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The Impossible Stairs

I really enjoyed The Impossible Stairs. First of all, the game is a nice homage to The Impossible Bottle. Its setting, initial goals, and focus on family relationships are all similar to aspects of The Impossible Bottle. Its major puzzle mechanic bends time in satisfying ways, as The Impossible Bottle’s mechanic does with space. There are several small touches that reference The Impossible Bottle, too – from a crossover character to the ending.

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At King Arthur’s Christmas Feast

At King Arthur’s Christmas Feast is a retelling, in Choicescript, of the medieval poem Sir Gawain and the Green Knight. I wasn’t that familiar with the original story, so I went into the game with only a hazy sense of what would be happening. I also don’t know how faithful the game is to its source material. But I found myself quite enjoying At King Arthur’s Christmas Feast. In particular, it was an interesting and fun challenge to play as Gawain. He’s a knight who adheres to a well-defined chivalric code—one that forces him not only into situations that tempt him to break that code but also into a promise to submit willingly to what will likely be his own death.

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Silicon and Cells

(some spoilers early, then major spoilers later)

Silicon and Cells is a cyberpunk investigation game made in Unity. You play as Jaya, a young woman intent on pulling the heist of a lifetime: She plans to break into an online casino, steal a fabulous amount of wealth, and give it away to everyone in the slums where she lives. To carry out the heist, though, she needs a body modification. And this is where we see the first of several themes featured in Silicon and Cells: a bionic or a psionic modification? Will she (you, the player) choose a mechanical enhancement or a flesh-based one?

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The Vaults

A couple of minutes into The Vaults, and I’m already impressed with what I’ve seen. The sound, visuals, and interface are closer to that of a commercial game than the single-authored works you tend to see in IFComp. Yet it does appear to be written by a single author! The scope of the game seems vast as well: It looks like a full-scale deck-based RPG, complete with ability tracks and experience, three game modes, trading, crafting, and more. While The Vaults does remind me a little of last year’s Tragic, I still wasn’t expecting to see a game like this in IFComp.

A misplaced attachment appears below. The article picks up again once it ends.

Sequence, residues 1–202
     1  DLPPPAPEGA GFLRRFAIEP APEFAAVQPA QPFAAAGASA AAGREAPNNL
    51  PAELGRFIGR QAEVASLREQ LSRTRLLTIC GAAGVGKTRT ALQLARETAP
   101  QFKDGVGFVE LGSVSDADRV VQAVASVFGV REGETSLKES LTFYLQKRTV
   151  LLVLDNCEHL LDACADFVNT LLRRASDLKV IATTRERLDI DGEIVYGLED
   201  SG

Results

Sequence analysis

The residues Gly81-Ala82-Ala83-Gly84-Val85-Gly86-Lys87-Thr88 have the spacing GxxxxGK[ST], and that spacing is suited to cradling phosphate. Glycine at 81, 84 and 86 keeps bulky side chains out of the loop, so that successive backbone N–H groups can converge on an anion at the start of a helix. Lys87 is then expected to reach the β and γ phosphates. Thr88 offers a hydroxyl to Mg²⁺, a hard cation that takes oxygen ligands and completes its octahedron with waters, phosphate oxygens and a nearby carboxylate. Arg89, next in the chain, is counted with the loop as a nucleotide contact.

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Cygnet Committee

Joan of Arc is a fascinating figure. She’s been many things: heretic, martyr, saint, hero, military leader, feminist icon, nationalist symbol. She claimed to hear the voices of angels: Was she truly in touch with the divine? Or was she deluded—or did she suffer from mental illness? Along with Napoleon and Louis XIV, she’s also been the leader of the French in multiple editions of the Civilization computer game franchise. After playing Cygnet Committee, I learned that she’s a line of canned beans as well. As the company website says, “Joan of Arc® beans valiantly transform any ordinary dish into something extraordinary.” No doubt.

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Dr Horror’s House of Terror

Dr Horror’s House of Terror is a comedic send-up of–and homage to–the low-budget horror genre. Just about every staple from monster films is on display here, from cheap sets and pitchfork-wielding mobs to undead summoned by mysterious rites. It reminded me some of Renegade Brainwave. While Renegade plays with its genre’s conventions, though, Dr Horror wads them up and sends them through the spin cycle. What comes out is a unique, ambitious game that could have easily fallen apart but instead soars thanks to strong implementation, writing, and plotting.

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And Then You Come to a House Not Unlike the Previous One / Infinite Adventure

(major, major spoilers – including spoiling some secrets)

This is going to be two reviews in one, as these two games are intertwined. And Then You Come to a House Not Unlike the Previous One (hereafter shortened to “House Not Unlike”) is a game about two fourteen-year-olds playing a text-based computer game in 1987. That text-based game is Infinite Adventure. So we, as IFComp players, get to play House Not Unlike, as well as the game that the teens are playing in House Not Unlike. This appears to be a setup for some meta-gaming.

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The Libonotus Cup

(a few mild spoilers)

Once past the introduction, the first character you meet in The Libonotus Cup is your trusty parrot Virgé. There’s a parrot featured prominently in last year’s fifth place IFComp game, The Magpie Takes the Train, as well as a character named Verge in last year’s fourth place game, Limerick Quest. I immediately thought, “Is this game going to reference a bunch of past IFComp games?” Once I had that frame in my head, I couldn’t shake it; I kept looking for IF references in The Libonotus Cup. I don’t know whether the examples I’m going to cite later are legitimate references, but you know how it is when you have something on the brain: You start seeing examples of it everywhere.

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